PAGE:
African countries feel less privileged as other countries strive to get the coronavirus vaccine.

Globally, the covid-19 vaccine is being anticipated to be market ready.

The World Health Organization reports 191 coronavirus vaccine projects underway of which forty are in clinical experiment and are being tested on humans.

But developed and affluent are striving to acquire more than enough vaccines for themselves once they are licensed and authorized.

According to the science journal Nature, countries like US, Great Britain and Japan, as well as the European Union which signed a deal as a block, have already pre-ordered 2 billion doses of at least six vaccines in development.

South African epidemiologist Salim Abdool Karim, says that this action is ungraspable.

“It is disturbing that some countries have fallen victim to vaccine nationalism,” Karim told DW. “They have the false assumption that security is possible for some countries while the virus continues to spread in poorer countries that cannot buy vaccines. It is simply wrong to think that you can be safe when others are not.”

Karim’s explained “It is in the best interest of the whole world to distribute vaccines in a fair way to as many people as possible.”

However, an international progam called COVAX is bent on guaranteeing fair allotment of a vaccine set up by WHO, in collaboration with the Gavi, a vaccine alliance, and the Coalition for Epidemic Preparedness Innovations.

WHO also depends on the COVID-19 Technology Access Pool (C-TAP) with which research outcomes and intellectual property such as vaccine formulations are also distributed.

The COVAX program intends to prevent a repeat of an occurrence in 2009 and 2010 when African countries were provided with a swine fever vaccine a year after the outbreak because a small group of affluent countries had acquired the stocks.

“We will never have enough [coronavirus] vaccines if we assume that we need two doses for every person worldwide,” says Aurelia Nguyen, Gavi Director of Vaccines and Sustainability.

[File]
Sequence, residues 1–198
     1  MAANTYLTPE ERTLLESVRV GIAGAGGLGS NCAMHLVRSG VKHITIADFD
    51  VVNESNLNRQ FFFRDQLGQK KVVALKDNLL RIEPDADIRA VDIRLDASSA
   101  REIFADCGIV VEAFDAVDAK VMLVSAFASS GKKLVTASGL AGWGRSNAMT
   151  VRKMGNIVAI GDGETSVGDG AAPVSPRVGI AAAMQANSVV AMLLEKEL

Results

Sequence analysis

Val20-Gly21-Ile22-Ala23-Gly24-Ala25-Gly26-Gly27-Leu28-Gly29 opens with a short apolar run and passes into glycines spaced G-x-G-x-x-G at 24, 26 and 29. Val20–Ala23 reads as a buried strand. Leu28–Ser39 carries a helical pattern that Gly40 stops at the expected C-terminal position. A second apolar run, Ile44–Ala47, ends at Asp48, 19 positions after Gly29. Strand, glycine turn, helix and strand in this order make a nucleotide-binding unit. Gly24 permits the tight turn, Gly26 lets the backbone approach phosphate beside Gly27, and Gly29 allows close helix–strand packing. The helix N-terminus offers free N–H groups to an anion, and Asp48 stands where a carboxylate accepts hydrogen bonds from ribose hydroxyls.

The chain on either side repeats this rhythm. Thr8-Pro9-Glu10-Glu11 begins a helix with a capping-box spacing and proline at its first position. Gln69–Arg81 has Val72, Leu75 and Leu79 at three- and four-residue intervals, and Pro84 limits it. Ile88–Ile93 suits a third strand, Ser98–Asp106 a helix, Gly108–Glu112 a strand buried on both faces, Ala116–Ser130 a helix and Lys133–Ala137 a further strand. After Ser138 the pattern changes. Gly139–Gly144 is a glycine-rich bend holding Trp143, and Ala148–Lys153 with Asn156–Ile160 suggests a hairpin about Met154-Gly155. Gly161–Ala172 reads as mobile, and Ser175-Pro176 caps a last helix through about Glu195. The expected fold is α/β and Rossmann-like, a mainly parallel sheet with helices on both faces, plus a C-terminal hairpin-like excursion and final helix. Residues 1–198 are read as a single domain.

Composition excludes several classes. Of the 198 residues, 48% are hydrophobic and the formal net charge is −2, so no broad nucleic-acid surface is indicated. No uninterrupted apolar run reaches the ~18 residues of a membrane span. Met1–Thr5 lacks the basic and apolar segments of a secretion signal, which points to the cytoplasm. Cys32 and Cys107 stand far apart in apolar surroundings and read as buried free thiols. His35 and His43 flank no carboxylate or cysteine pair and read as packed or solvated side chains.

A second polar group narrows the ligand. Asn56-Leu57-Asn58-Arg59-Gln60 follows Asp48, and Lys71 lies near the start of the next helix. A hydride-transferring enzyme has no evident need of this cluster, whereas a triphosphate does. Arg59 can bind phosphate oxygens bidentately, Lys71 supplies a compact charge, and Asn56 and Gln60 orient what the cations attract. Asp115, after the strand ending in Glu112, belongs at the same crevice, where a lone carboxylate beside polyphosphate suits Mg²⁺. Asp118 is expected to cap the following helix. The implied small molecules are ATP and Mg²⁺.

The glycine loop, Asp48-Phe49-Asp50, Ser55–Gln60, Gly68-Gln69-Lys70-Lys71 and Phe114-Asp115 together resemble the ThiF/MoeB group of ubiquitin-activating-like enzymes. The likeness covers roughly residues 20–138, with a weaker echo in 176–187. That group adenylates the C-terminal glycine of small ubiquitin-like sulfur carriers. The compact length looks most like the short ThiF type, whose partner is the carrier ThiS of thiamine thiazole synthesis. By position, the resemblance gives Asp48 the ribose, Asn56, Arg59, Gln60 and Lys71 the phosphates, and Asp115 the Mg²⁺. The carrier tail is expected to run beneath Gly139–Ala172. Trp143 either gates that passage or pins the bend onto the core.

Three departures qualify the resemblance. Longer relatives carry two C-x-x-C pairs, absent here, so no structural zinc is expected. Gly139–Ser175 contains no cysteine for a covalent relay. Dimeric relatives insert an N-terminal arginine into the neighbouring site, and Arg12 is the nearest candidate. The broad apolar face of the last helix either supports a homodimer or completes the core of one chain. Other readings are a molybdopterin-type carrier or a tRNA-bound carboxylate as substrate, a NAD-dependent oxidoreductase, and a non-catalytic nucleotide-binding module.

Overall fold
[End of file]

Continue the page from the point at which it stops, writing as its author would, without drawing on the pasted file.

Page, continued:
There will be no return to normalcy if there is no fair access to vaccines for all countries, Nguyen stated in an interview with DW.

“We want to secure 2 billion doses of vaccine by the end of 2021. That would be enough to vaccinate the most vulnerable people such as the elderly, frail persons, nurses, and medical staff in every country.”

The project does not need money alone but solidarity. Nevertheless, Nguyen is optimistic that this can be attained “because, through our program, we can pool the purchasing power of a large group of countries and be stronger together,” she said.

“In socially and economically difficult times, we have governments from every continent that are participating in our plan.”

She announced thar this took Gavi even more efforts to deliver life-saving vaccines to low income countries. “We can now sign four more contracts with development partners and manufacturing companies,” Nguyen said.

“All countries should receive the same vaccines at the same time,” Nguyen stressed.

The South African expert Karim however feels that Africa has got to look more closely at locally developing a vaccine against the coronavirus. “South Africa has currently not found a vaccine, I am disappointed about that,” says Karim.

Karim announces that four companies in Africa are competent enough to either develop or package a product that can be made accessible in abundance on the continent.

“The cost of implementing targeted vaccination campaigns for specific professional or age groups will be high,” Karim said.


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